Posts Tagged “HTML”

Aether theme

by George Paterson.

Being a new father i haven’t had much time to write articles and have spent most of my effort working within repositories on Github.

One thing i’ve been meaning to do with this site for some time now is change it to a responsive design. This is what i’m doing with the Aether theme and i’ve updated this site with the first incarnation of that theme.

Tesco Direct launch

by George Paterson.

This week marks the release of the new Tesco Direct UI. It’s been almost a year since work on the UI was completed by the team at LBi London with support from Spindrift in content management and Infosys providing system integration.

The team i was fortunate enough to lead included permanent members Ray Brooks, Lee Ryan, Aaron Faber with Sam Clohesy leading project management. The project wouldn’t have started without Will Howat’s development review which should a number of issues that LBi London were asked to resolve.

America’s Cup site released

by George Paterson.

This week we at LBi London released the first phase of the new America’s Cup website. I had the opportunity to work with the hosts of the oldest active trophy in international sport as lead interface developer, with a team including Francesca Mancuso, Aaron Faber, Jamie Collins and Pia Gamon.

The site itself was built on EpiServer; which means .Net development and some of .Net’s more interesting aspects (web forms etc). What we produced is a HTML5 based site that is progressively enhanced using CSS and JavaScript. We couldn’t use all the elements HTML5 supports because we couldn’t be reliant on JavaScript for presentation in IE7 and 8. JavaScript development utilised jQuery and jQuery UI libraries.

This is only the first phase of ongoing development, with performance improvements including minification and new features for the site but an important first step in supporting one of the great yachting competitions.

jQuery HTML5 video background 1.0.0

by George Paterson.

I’ve recently been working on a jQuery plugin that uses a HTML5 video as the background for a page. An idea that perhaps owes far too much of it’s inception to splash pages, it was worth investigating; as a test for HTML5 video player development and because of it’s interesting use of the video element.

CSS sticky footer

by George Paterson.

A number of web site designs require the page footer to stick to the bottom of a page, no matter the content. There are other solutions but after using a min-height solution for a number of years i have found it to be the most robust.

The increasing maturity of the browser market means the CSS has simplified to using min-height only. There are alternative solutions for min-height support using JavaScript, alternatively should the CSS fail it should not cause a significant issue to site usability.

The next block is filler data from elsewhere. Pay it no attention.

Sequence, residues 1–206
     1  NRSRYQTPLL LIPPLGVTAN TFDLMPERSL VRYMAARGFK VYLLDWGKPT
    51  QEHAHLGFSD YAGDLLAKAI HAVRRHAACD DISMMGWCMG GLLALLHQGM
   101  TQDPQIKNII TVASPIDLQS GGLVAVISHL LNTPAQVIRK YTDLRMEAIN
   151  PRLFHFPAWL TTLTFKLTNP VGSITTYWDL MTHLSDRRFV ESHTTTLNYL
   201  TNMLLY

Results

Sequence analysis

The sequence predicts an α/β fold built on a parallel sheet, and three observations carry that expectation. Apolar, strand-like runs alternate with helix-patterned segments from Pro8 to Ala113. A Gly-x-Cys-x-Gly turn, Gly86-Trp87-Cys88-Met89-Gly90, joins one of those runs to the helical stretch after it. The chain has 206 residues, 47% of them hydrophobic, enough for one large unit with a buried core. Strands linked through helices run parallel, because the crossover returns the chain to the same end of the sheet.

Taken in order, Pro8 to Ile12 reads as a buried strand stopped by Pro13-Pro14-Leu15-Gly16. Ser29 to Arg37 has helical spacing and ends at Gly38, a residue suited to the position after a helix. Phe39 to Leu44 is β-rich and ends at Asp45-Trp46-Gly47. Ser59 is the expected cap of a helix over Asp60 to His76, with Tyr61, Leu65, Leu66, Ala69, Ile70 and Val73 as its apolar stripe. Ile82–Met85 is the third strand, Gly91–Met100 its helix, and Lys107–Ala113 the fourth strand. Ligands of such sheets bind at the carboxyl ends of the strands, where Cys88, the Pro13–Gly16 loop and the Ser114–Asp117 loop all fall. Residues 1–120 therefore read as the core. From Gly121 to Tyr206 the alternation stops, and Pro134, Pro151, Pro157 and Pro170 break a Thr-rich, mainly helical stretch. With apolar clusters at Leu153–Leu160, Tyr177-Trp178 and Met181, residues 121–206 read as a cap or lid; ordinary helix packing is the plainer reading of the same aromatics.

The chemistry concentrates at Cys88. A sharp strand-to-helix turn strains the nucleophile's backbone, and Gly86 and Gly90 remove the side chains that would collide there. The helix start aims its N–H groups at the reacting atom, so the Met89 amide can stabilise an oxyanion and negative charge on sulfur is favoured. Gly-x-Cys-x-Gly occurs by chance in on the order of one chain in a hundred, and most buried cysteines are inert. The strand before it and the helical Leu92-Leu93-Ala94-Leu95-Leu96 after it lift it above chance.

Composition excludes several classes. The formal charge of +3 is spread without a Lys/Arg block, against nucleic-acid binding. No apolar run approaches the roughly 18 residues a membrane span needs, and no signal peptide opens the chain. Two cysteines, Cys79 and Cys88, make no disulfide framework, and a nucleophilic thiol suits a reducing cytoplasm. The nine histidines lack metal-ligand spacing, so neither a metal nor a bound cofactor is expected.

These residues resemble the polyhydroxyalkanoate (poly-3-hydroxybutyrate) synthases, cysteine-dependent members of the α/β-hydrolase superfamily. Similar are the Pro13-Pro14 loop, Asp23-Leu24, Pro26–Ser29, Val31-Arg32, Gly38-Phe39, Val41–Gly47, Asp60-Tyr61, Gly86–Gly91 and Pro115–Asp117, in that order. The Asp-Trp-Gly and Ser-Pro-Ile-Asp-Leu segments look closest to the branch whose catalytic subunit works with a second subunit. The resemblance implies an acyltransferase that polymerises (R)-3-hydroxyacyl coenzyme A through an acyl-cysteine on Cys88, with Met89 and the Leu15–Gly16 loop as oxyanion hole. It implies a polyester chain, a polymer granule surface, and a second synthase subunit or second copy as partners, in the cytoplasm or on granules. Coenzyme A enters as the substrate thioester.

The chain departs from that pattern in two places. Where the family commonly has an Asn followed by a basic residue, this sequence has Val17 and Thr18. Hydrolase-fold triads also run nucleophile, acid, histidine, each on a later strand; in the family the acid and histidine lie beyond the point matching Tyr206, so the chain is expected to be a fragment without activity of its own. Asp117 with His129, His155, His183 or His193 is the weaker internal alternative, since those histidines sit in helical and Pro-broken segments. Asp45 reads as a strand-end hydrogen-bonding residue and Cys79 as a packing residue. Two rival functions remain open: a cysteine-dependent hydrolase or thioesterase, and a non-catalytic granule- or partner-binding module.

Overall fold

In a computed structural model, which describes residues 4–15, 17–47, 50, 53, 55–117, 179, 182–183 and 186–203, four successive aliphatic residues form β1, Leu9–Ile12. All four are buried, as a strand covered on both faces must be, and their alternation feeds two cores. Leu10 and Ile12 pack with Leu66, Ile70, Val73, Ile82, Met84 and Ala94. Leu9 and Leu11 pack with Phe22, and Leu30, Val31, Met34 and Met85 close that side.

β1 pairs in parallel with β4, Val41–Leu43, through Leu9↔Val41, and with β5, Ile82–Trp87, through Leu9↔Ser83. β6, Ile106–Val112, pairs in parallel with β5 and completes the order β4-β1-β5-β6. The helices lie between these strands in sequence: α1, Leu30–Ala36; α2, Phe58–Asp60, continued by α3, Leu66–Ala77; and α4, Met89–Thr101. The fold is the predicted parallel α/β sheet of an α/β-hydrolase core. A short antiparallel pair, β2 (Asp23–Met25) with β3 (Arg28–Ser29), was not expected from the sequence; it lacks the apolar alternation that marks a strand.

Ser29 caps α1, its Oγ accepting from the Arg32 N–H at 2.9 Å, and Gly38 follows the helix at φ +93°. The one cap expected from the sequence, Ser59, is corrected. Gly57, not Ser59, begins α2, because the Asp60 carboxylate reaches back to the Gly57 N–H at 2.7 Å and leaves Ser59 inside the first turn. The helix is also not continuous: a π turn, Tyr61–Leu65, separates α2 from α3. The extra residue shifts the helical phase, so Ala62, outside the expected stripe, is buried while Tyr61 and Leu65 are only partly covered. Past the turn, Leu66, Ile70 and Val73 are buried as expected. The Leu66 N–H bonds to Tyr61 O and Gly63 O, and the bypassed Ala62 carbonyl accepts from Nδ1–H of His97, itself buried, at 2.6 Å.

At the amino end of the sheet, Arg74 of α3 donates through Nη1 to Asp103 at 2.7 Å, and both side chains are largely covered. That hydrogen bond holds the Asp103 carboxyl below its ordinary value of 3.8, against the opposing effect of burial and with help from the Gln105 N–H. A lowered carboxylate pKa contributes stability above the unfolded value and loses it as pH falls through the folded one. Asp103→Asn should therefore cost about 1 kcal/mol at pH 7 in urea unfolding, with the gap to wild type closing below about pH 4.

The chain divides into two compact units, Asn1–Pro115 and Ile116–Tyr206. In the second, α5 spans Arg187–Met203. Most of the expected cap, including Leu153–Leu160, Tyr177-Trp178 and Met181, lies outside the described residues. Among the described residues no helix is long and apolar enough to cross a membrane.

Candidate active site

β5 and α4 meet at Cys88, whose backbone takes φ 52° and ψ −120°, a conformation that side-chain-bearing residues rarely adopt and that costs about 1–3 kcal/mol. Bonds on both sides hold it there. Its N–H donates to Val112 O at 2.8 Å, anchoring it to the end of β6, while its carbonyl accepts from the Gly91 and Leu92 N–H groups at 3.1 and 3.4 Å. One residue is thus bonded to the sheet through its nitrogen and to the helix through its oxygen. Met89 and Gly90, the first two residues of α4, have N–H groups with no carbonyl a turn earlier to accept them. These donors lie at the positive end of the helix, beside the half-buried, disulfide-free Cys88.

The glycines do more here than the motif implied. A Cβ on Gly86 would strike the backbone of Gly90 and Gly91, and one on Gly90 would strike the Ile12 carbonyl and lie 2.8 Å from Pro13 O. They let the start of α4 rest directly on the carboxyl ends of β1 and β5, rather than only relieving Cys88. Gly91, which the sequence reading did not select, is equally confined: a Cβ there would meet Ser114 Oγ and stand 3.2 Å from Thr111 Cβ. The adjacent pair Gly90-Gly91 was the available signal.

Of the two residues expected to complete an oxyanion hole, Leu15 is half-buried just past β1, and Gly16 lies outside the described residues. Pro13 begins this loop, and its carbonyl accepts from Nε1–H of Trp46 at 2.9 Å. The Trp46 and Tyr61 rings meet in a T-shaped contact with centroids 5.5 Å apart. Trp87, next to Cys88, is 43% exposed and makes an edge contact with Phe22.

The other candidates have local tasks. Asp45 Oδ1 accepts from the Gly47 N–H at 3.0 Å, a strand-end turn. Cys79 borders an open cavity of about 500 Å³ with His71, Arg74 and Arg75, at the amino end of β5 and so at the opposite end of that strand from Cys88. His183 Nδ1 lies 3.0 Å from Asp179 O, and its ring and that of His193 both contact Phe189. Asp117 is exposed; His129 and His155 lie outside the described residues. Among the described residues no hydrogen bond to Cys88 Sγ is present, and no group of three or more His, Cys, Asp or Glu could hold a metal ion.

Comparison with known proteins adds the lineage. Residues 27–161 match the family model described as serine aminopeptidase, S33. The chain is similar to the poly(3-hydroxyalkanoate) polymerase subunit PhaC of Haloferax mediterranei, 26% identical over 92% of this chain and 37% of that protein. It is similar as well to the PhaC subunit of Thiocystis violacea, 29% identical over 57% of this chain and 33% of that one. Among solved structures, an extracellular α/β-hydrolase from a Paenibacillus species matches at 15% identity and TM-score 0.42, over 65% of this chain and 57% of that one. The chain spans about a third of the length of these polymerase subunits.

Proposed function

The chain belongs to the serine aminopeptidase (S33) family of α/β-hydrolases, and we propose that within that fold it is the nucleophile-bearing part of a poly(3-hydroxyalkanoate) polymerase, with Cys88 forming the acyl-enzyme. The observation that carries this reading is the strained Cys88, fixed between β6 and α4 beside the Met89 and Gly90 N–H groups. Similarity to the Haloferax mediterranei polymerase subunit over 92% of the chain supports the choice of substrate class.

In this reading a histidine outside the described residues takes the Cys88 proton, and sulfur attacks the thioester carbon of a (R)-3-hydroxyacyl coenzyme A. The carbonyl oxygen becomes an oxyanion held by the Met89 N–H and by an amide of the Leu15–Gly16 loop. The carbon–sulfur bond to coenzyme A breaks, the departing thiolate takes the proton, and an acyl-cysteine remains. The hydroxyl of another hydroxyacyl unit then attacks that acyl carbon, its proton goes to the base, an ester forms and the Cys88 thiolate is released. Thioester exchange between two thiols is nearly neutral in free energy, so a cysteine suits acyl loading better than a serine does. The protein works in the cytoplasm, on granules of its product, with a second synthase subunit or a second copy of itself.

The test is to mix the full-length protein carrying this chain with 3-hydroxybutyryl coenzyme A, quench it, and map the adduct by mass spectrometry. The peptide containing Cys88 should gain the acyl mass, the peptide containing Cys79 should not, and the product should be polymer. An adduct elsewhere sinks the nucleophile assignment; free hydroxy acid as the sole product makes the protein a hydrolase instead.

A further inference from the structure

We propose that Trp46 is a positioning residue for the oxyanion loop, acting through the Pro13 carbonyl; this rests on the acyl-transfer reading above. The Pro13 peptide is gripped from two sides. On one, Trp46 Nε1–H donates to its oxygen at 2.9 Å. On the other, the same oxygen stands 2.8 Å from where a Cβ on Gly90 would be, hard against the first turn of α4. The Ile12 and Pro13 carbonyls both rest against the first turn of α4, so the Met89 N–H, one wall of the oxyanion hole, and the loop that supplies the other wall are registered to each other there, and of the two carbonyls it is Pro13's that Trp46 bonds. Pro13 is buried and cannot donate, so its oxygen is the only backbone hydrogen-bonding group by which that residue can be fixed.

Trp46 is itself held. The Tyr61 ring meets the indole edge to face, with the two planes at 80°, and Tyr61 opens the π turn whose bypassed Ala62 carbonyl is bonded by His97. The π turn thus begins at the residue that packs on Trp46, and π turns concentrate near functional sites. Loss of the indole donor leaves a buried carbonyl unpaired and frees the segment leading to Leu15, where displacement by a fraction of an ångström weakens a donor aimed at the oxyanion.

Cargo cult science and web development

by George Paterson.

In 1974 Richard Feynman gave the commencement address at Caltech and coined the phrase cargo cult science. Cargo cult can be used to describe any process using a flawed model of causation.

The term cargo cult is used in anthropology to define the religious cults that spring up in the wake of a technologically advanced society interacting with a technologically primitive society. Most recently this happened during World War II in the Pacific South West when Allied and Japanese forces created military bases on islands with limited previous contact with the modern world. The military base would commonly use air fields to import war materials.

The technical details of why and how the air field is set up would be beyond the basic understanding of the local populace but they would be able to see the process and witness the outcome which would be bountiful supplies of cargo brought in from the sky.

jQuery Equaliser plugin 1.0.0

by George Paterson.

After writing about the cross browser display inline-block i was reminded of a requirement from “The Sceptre of Rajim” project. Each item in a row of items would have the same height but also a number of designated elements would have an equal vertical position in that row.

The code written for the project targeted a specific list of items and was limited in scope. Requirements change over time and this sort of positioning seems to be a common feature, so after the project i resolved to make good on the promise i always make, to create reusable code.

The jQuery Equaliser plugin is a simple plugin that iterates across an array of elements with a declared parent element.

Supporting HTML5 elements without JavaScript

by George Paterson.

HTML5 is the newest standard for HTML development, it has a range of additional features that will change the way we interact with the web. This is great for web development, there is a problem though, older browser versions specifically IE 6, 7 and 8 do not support the new HTML5 elements so that you cannot attach CSS to those elements.

Fortunately Sjoerd Visscher, Remy Sharp and John Resig amongst others have promoted a technique in mitigating this problem by using JavaScript to create a new DOM element of the same name as the required HTML 5 element, this then allows the browser to attach CSS to the element.

The fundamental problem of this though is that you are reliant on JavaScript for this to work and if the new elements have a structural role in the design then your design is going to fall apart.